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Discussion and questions related to the course EFI Tuning Fundamentals
In the fuel compensation module, with respect to intake air temp compensation, it was stated that we need an arbitrary zero point where no fuel compensation done. Normally 15 or 20 deg C. This is where I am a bit confused and would like clarification.
Assuming I am tuning based on speed density using injector pulse width tuning ( not VE, so no air temp consideration). Shouldn't my zero point be at the intake temp my tuning was done at?
For example. If I am tuning my map on the dyno and the intake air temp was 30 degC at that time, seeing that my injector pulse width was tuned at that temp for my desired afr, should I not use that temp for my zero compensation point?
If the temp compensation is a linear compensation, you can tune at any temperature -- since it will be compensated...
Tes, it is just a datum temperature to add or subtract from. You can really use any temperature but 20C is a common standard, and if comparing maps with other people, or vehicles, it means you don't have to correct the corrections.
Guys correct me if I am wrong, but I would say:
- If you have already tuned your car without compensation, and then you want to setup that IAT fuel compensation table, I would use as the 0 point the temperature that was ambiant during the tune.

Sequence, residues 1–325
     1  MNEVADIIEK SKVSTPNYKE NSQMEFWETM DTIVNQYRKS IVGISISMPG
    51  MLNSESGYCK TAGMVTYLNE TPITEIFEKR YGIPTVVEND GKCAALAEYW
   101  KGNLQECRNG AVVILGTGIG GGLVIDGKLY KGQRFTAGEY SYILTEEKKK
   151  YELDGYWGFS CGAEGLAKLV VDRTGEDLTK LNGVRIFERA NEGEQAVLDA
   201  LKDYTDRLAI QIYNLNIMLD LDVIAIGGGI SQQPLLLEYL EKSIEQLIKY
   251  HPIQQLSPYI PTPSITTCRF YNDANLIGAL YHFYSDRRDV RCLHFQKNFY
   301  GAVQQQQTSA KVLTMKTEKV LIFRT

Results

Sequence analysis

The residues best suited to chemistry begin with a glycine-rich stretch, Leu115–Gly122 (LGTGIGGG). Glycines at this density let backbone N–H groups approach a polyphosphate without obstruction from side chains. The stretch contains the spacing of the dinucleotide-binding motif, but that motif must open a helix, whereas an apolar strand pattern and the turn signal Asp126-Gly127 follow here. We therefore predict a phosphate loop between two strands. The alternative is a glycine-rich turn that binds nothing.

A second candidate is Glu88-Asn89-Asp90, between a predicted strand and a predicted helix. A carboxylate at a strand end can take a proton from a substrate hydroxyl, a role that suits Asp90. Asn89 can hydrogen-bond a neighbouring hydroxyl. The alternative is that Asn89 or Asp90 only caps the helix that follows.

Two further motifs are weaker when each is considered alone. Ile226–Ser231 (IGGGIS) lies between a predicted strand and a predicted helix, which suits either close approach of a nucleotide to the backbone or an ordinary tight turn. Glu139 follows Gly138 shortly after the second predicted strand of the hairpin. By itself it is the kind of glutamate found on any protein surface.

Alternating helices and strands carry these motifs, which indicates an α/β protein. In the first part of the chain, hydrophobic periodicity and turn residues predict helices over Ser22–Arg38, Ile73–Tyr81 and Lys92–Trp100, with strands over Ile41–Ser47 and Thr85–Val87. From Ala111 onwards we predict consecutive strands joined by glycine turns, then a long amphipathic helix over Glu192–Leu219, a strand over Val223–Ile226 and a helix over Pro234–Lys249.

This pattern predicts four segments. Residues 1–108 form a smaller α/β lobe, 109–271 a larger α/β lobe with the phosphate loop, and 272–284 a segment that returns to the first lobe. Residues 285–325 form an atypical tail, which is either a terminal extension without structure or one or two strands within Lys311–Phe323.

- If you setup the compensation table before tuning the fuel map, then I would use 20°C as a standard 0 point, but it does not really matter in fact.
Thanks all for the replies. I was also thinking along those line Martial. But another question I would like clarified if you all could. With the speed density method (without VE tuning). It was mentioned that IAT is not used in the density equation. So I as assuming the ECU uses standard temp 519R and uses the MAP reading for Pressure to calculate density and then compensates for temp, based on the compensation table?
So the equation 2.7(P/T) => the T would be 519R and the P would be MAP?
Am I understanding correctly?
Bearing in mind it is almost 4am local time...
Pizza, yes, if I read you correctly - if one forgot to set a datum temperature, you will need to work from what it was defaulted to, but it's preferable to have a 'standard' temp.
Corbeau, again if I read it correctly, the inlet temperature to the turbo/supercharger may not be directly relevant as it will be altered by the compressing and any charge cooling, so it will be measured at the manifold.
Ok, so trying to figure out my pulse width at say. 6000rpm, WOT @ 10psig of manifold boost pressure.
The respective air density at that cell would be 2.7(24.7 / 519)? Ignoring IAT for now.
I am correct in my assumption?